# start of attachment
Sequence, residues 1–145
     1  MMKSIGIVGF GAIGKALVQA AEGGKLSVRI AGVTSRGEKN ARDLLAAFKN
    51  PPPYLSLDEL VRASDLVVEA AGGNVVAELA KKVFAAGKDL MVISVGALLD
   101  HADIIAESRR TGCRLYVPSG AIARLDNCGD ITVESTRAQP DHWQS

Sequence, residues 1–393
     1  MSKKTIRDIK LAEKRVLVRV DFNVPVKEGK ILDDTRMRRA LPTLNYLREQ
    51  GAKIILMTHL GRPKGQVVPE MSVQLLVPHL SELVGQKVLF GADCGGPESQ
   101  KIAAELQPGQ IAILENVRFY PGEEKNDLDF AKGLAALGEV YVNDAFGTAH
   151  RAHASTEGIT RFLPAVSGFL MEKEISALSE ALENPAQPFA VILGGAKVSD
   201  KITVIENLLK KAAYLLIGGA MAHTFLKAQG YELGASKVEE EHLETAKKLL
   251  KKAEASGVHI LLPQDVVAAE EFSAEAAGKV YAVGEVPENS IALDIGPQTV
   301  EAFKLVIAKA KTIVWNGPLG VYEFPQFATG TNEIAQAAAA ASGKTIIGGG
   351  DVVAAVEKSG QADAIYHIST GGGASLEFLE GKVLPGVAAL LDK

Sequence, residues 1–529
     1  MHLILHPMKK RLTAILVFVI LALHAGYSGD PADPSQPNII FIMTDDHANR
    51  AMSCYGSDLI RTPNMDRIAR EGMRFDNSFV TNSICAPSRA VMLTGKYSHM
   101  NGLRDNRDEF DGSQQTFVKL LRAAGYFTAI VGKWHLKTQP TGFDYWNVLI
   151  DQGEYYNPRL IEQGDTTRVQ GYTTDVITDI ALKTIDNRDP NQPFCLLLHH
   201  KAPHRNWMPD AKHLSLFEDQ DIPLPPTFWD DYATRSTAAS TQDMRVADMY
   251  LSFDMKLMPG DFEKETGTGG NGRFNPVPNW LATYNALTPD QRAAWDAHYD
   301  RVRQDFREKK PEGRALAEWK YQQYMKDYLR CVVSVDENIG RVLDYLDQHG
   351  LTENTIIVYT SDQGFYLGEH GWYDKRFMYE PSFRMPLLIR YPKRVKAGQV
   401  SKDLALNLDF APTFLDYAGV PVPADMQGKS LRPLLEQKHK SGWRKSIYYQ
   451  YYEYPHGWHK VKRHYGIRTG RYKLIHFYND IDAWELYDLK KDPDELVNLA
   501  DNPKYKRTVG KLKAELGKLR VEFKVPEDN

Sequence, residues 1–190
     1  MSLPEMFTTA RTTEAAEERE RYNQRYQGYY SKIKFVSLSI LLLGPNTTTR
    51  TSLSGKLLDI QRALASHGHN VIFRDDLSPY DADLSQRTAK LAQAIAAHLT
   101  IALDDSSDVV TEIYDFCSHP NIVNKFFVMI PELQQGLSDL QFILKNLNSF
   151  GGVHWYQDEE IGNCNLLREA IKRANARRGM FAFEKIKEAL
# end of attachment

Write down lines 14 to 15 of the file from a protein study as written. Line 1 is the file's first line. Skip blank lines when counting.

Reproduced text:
Sequence, residues 1–529
     1  MHLILHPMKK RLTAILVFVI LALHAGYSGD PADPSQPNII FIMTDDHANR